And if that beginner is basing move choices on the ruleset in use then they are not likely to make any fewer mistakes. However if they consider strategy and tactics without reference to ruleset then I think they have a chance to avoid beginner mistakes like wasting moves inside settled territory.
For the very beginner I would say that it’s a red herring to think about ruleset and instead you should focus on the principles of the game.
The primary problem I have noticed with beginners is that they do not spend any time studying the principles of the game. They have no understanding of right or wrong moves, good shape or bad, and even concepts like dead stones and territory can be a reoccurring mystery.
In this way I think that the differences between Area and Territory scoring can be significant. If the user does not understand the differences then scoring can seem unpredictable and be extremely frustrating. I’ve seen many discussions where this particular topic is attributed to why many people initially are turned away from Go.
Since counting with Area Scoring is easier for someone with little to no experience playing Go, I continue to believe and advocate that Chinese rules are more forgiving. If for not other reason than playing inside your own territory will never affect your score. Playing in your own territory instead of making a good move does affect your score, but they don’t understand this yet.
It is a very basic concept, and once you figure it out, it seems silly that you ever sweated over it. But for those who do not yet understand, it is often a big enough hurdle to discourage a person to flat out quit. Which makes the topic significant in my opinion.
No, the differences between the rules do not affect the general strategy of the game.
In the vast majority of games, the best play (at any particular point) and the final result of the game is the same. Even the score margin (difference between the players’ scores) is typically either the same or different by only one point.
The biggest affects from the differences between the rules only come up in very rare situations, such as those involving complicated combinations of ko and/or seki formations.
I believe this has been discussed at length in other places, but area scoring is in no way more forgiving. It is an illusion that playing in your territory does not cost you points and this is only really the case if you play in your own territory after the game has basically finished already. Playing in your own territory is just as bad under Chinese rules and under Japanese rules: it wastes a move and gives your opponent one extra point.
The extra point in territory scoring is in the reduction of your territory, the extra point in area scoring is the point that the next (living) stone of your opponent gives them.
Except for the difference in valuing dame points, there really is no difference between Area and Territory methods. That people seem to believe playing in your own territory is free under Chinese rules, seems to me to be a good reason not to teach Chinese rules to beginners.
Yeah, I keep trying to explain to people that playing in your own territory, while 0 points, still comes at the opportunity cost of not playing somewhere that gets you point, thus actually losing points in comparison to playing somewhere else.
I mispoke earlier. I was tired, in a hurry, and did not reread my post before submitting it. The sentence read:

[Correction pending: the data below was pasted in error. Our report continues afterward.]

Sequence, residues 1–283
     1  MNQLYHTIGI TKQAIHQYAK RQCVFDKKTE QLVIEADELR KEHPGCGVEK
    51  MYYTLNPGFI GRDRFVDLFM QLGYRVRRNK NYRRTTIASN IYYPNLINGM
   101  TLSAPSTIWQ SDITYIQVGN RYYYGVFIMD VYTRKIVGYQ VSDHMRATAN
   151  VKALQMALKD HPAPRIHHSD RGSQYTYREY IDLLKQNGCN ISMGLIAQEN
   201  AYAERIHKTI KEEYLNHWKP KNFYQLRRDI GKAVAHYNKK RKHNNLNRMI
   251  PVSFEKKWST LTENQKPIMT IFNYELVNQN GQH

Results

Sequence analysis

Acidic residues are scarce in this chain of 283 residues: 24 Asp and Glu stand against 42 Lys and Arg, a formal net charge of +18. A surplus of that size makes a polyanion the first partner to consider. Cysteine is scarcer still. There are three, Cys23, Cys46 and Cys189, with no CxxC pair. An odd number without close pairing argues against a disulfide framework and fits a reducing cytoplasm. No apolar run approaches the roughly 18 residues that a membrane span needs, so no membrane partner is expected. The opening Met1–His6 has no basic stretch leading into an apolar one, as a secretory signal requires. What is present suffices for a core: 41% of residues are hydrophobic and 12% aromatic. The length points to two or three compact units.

Since counting with Area Scoring is easier for someone with little to no experience playing Go, I continue to believe and advocate that Chinese rules are more forgiving. If for not other reason than playing inside your own territory will never affect your score. Playing in your own territory, instead of making a good move, does affect your score, but they don’t understand this yet.
But what I want to say is:
I continue to believe and advocate that understanding how the game is being scored is more straightforward under Chinese Counting. If for not other reason than playing inside your own territory will never affect your score. Playing in your own territory, instead of making a good move, does affect your score, but they don’t understand this yet.
The point I was trying to make was about counting. I did try to allude to the fact that playing in your own territory does cost you a point, in the case that there are still territory gaining moves left on the board.
In terms of the illusion that playing in your own territory is free under Chinese rules being a good reason not to teach that ruleset, I completely disagree. If someone is being taught the rules, then this situation is easily remedied when the teacher explains it to the student.
I disagree, especially concerning Japanese rules. An excerpt from my upcoming mini-guide on the differences between Chinese and Japanese rulesets:
If you are interested in learning about how the wording of rules can create these sorts of situations, Robert Jasiek analyzes the 1989 Japanese rule set in exhaustive detail. Here he provides one of the best known examples of why wording matters in a Go rule set.
Well, if you disagree, you’re flat out wrong. Let’s a assume a game ends, all dame have been played and all dead stones are removed from the board and both players passed once each. Then:
Territory scoring is Territory (of your colour) - Prisoners (of your colour) + Komi = Score.
Area scoring is Territory (of your colour) + Stones on the board (of your colour) + Komi = Score.
The total number of stones that have been played are Stones on the board (of your colour) + Prisoners (of your colour). Hence, if I add the total number of stones to the Territory score, then we get the Area score. Since the total number of stones that have been played are equal (perhaps one less for white), the total difference in score is equal.
Note that I’m talking about the difference between territory and area scoring, not about the difference between Japanese and Chinese rules.